Florida Mayors Mum On Stadium Proposal Calling For Taxpayer Share Of MLS Team
Orlando Mayor Buddy Dyer and Orange County Mayor Teresa Jacobs have "remained silent so far on a proposal to require Orange County taxpayers get a share" of any Orlando MLS expansion franchise if the public "subsidizes a new $85 million stadium for the team," according to David Damron of the ORLANDO SENTINEL. Jacobs has "taken no stance" on Orange County District 3 Commissioner Pete Clarke's proposal. Clarke "wants Orange to be a long-term financial partner with the team and get a share of its annual revenues or any sale of the team -- if county taxpayers invest $20 million in its facility." Dyer's spokesperson said "our legal department is reviewing if that concept is legal or not." Jacobs and USL Pro club Orlando City "have also not weighed in on another proposal" by Orange County District 4 Commissioner Jennifer Thompson, which asks the team to provide $1.5M in "public soccer fields in return for any county stadium subsidy." The team under the current plan "would put in $30 million, and a ticket fee that fans would pay could leverage another $10 million, with the last $5 million coming from other sources, including nearby local governments." Clarke said, "I want a better deal for taxpayers. I want some kind of return on our investment" (ORLANDO SENTINEL, 8/24).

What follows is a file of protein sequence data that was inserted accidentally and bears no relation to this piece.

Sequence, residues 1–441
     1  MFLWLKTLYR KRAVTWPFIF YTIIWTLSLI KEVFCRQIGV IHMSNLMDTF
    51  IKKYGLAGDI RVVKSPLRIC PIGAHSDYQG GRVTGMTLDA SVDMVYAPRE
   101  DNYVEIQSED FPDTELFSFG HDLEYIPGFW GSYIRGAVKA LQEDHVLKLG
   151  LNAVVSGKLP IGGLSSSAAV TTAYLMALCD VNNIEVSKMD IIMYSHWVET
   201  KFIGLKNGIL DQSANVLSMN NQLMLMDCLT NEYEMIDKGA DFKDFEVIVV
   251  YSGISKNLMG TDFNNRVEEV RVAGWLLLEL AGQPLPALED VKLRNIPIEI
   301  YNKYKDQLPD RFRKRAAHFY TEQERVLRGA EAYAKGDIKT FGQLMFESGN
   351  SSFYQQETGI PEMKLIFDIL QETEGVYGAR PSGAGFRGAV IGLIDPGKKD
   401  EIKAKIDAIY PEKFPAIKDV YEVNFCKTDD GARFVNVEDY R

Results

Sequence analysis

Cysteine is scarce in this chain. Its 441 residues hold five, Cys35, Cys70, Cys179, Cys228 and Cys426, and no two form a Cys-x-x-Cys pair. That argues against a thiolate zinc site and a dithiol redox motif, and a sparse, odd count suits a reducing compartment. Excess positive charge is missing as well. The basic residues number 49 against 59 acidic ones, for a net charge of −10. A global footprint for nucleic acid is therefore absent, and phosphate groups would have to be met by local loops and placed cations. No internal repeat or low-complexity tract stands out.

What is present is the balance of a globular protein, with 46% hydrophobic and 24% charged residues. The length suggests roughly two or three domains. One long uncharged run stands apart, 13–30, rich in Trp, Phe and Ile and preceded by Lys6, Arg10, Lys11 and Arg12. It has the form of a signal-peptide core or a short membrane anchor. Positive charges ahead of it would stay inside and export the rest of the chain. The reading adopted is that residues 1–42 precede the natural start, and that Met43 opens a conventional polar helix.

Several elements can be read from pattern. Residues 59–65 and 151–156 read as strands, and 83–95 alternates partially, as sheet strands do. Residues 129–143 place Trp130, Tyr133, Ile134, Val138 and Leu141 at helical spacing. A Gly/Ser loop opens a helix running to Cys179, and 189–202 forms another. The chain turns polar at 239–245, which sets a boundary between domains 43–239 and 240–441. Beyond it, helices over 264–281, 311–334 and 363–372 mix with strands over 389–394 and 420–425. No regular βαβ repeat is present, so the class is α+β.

BOWLED OVER: In Orlando, Mark Schlueb noted city commissioners yesterday in back-to-back presentations "heard why a renovated Citrus Bowl will be able to compete for major events and why Orlando City Soccer Club couldn't play there." Supporters of a $95M sports and arts funding package "made their pitch for public money to the City Council." The package, which Dyer dubbed "Venues 2," would "provide tourist-tax dollars for a professional soccer stadium, the Dr. Phillips Center for the Performing Arts, the Citrus Bowl stadium and travel and event marketing." Florida Citrus Sports President Steve Hogan said that the "extra money to renovate the Citrus Bowl would give the facility an edge in securing major events." Orlando City Soccer Club Owner Phil Rawlins "explained why his team won't be playing there if it becomes the next" MLS franchise. He said, "We would love to play in the Citrus Bowl. It would save us $30 million … (But) it is not an option." Rawlins said that MLS "requires new league members to play in smaller soccer stadiums with covered seats" (ORLANDOSENTINEL.com, 8/26).